September 16, 2013

Kickstarter Turns to HTML5 for Video, and More May Follow

Recently, Kickstarter made the announcement that the company was making the move to HTML5 for its video needs, and was using the <video> tag (NewsAlert) as the main means of bringing video to its crowdfunding platform. Coming with the move is not only a new way to serve up video, but also the potential for more video functionality on the site as a whole.

Formerly, Kickstarter depended on Flash to serve up video, only using HTML5 as a fallback measure should something go awry with the Flash functions. But given that Flash these days is primarily supported by older browsers that can’t handle h.264 video, that leaves using Flash as a primary video source these days something of an anachronism. At last report, the move was made, mainly, as a nod to mobile devices that don’t support Flash video, which is to say, most of said mobile devices. Even desktop machines these days take a little extra software support to run Flash video, and Flash has posed some unpleasant security issues as well in its own right.

But Kickstarter, meanwhile, has been rolling out its own HTML5 player over the course of the last couple weeks, serving up the new player to those who didn’t have HTML5 installed, as Kickstarter explained via its blog. This gradual rollout, in turn, allowed Kickstarter to iron out any wrinkles in the larger overall user experience, then opening up the HTML5 player to Kickstarter employees, which in turn ramped up the user base and provided more information about the overall experience.

This doesn’t change much, overall, in terms of the larger site’s operation, but does however allow Kickstarter to offer up more changes in its video player since it can now do such things without turning to outside consultants to make said changes. Some are even expecting that the Kickstarter video player will start making its way to the user base fairly soon as a result of all the modifications and the gradual, multi-staged rollouts.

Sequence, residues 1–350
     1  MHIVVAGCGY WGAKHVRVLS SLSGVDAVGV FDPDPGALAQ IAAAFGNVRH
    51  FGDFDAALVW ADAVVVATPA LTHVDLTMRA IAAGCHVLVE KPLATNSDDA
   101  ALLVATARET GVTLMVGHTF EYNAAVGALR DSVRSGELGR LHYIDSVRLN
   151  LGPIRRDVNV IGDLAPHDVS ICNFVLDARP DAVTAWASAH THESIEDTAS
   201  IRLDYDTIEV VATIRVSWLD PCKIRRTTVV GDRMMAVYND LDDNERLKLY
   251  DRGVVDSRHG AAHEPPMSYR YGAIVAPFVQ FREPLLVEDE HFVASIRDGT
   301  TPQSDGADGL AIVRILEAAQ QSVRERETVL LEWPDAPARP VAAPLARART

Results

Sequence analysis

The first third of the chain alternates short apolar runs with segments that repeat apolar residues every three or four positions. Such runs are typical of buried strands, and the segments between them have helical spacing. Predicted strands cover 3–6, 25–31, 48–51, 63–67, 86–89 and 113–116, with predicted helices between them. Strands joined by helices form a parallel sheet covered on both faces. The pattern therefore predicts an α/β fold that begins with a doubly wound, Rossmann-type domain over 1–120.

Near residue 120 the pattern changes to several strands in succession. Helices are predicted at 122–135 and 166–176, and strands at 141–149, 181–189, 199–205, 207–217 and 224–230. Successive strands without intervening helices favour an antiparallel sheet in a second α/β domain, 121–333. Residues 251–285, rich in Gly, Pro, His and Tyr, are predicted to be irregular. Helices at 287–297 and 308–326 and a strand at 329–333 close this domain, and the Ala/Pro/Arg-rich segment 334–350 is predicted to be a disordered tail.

Indeed, this is probably the best way to stage such a rollout. It’s being done a little at a time, with an eye toward improving the experience at every level rather than just throwing the update out and hoping the user base figures out how to swim before it sinks instead. These kinds of rollouts are often the best for the users, and turn out well with repeatedly vetted experiences getting regular retooling and modification to catch small problems before same can turn into larger issues.

The end result is that the the Kickstarter video player, when it arrives, should be a reliable and useful force for promoting Kickstarter projects. Video on Kickstarter can have quite a bit of impact, and using video properly has likely helped a few projects get funded that otherwise wouldn’t. So this improvement will likely not only benefit Kickstarter, but also Kickstarter’s users, all thanks to HTML5 video.

Edited by Alisen Downey


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